Problems at Virgin Galactic
British billionaire Richard Branson's Virgin Galactic has postponed its commercial suborbital flight (to an altitude of about 100km from Earth's surface) until the second quarter of 2023, reporting a loss of $110.7m from April to June. The company announced this in its quarterly report on Thursday.
"Our short-term plans now include a suborbital tourist flight in the second quarter of 2023. We have introduced many impactful initiatives that contribute to long-term success," the report said. The company's second-quarter loss was about $111 million, up nearly $18 million from the same period in 2021.
During a call with investors yesterday, CEO Michael Colglazier blamed the delay on supply chain problems and labour shortages, which he said had disrupted the "hard work" required to get the ship ready for operation.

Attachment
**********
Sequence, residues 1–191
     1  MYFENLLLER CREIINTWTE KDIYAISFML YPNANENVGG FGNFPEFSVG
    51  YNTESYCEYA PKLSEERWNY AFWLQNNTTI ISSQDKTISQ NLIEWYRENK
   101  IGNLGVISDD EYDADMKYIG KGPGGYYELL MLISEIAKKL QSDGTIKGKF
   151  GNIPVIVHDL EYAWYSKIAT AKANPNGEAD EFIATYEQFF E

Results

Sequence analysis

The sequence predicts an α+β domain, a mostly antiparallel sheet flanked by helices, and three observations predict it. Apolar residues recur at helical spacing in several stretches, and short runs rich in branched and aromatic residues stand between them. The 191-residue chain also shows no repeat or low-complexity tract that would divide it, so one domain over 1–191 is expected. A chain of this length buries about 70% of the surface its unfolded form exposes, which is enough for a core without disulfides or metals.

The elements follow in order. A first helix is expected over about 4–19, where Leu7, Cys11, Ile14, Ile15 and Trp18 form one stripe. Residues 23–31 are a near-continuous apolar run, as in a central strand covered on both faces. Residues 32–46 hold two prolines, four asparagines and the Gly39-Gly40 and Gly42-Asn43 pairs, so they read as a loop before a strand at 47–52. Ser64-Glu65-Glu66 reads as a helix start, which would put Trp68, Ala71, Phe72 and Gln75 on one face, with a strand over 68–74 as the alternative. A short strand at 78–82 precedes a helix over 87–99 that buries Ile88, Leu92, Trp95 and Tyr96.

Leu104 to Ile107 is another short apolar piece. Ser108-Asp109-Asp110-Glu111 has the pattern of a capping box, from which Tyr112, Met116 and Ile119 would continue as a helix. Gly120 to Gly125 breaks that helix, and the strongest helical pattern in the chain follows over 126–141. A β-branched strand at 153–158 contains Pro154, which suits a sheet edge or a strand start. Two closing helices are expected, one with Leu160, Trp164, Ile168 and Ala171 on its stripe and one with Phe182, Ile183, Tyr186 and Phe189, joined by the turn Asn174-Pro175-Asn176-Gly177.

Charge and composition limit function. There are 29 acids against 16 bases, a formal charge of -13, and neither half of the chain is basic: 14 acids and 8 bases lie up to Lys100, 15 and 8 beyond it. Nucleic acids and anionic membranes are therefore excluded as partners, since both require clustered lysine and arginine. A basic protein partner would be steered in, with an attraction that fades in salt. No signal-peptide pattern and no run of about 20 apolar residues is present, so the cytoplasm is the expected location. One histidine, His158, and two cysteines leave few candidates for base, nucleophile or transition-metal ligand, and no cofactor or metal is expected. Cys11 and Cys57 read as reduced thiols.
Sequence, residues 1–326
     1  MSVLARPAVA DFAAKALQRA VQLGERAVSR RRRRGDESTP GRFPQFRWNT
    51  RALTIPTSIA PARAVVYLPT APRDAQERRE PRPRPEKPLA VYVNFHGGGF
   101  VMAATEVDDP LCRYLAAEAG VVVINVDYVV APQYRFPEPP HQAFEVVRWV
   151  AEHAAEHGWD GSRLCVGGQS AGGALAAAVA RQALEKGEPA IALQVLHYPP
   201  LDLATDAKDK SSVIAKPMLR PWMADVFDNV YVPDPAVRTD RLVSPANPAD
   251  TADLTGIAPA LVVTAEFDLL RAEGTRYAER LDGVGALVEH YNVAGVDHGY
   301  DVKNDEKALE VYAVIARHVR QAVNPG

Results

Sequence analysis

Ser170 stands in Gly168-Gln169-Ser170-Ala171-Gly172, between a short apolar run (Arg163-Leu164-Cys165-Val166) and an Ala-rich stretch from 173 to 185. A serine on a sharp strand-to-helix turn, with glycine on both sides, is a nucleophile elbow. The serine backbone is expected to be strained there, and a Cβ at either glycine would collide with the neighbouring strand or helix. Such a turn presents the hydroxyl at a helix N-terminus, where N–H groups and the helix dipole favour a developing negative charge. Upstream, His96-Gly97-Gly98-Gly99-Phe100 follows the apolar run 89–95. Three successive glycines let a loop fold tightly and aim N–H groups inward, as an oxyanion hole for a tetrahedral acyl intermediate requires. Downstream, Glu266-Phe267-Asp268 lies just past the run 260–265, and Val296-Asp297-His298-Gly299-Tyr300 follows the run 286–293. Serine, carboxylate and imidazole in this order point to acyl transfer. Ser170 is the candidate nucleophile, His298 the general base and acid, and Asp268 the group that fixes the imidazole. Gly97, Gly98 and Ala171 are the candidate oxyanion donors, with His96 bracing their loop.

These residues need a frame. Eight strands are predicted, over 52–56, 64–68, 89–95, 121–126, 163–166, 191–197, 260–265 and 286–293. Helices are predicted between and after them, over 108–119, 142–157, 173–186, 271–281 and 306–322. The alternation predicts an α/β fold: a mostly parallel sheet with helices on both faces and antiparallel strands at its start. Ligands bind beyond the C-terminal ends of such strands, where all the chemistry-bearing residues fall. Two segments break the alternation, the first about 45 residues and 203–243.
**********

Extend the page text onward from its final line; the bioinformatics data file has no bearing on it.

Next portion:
Virgin Galactic had previously planned a suborbital flight in the fourth quarter of 2022, but due to "labour shortages and supply chain crises" it pushed it back to the first quarter of 2023. In February, the company began selling tickets for space travel, setting prices at $450,000 per person subject to a down payment of $150,000.
However, on Thursday, another US company, Blue Origin, for the sixth time, sent the New Shepard spacecraft with six tourists on board to suborbit. The flight lasted more than ten minutes. The previous launches took place in July, October and December of last year and on March 31 and June 4 of this year. The company did not disclose the cost of the trip.
It is worth noting that Virgin Galactic is developing projects for suborbital tourist flights. A six-passenger Unity spaceplane has been built for this purpose. Since 2016, the company has conducted a total of 22 test flights of the spacecraft. The Unity-22 mission on 11 July 2021 involved Richard Branson and five Virgin Galactic employees. The spacecraft flew to an altitude of 86km, where the crew experienced a state of weightlessness for several minutes.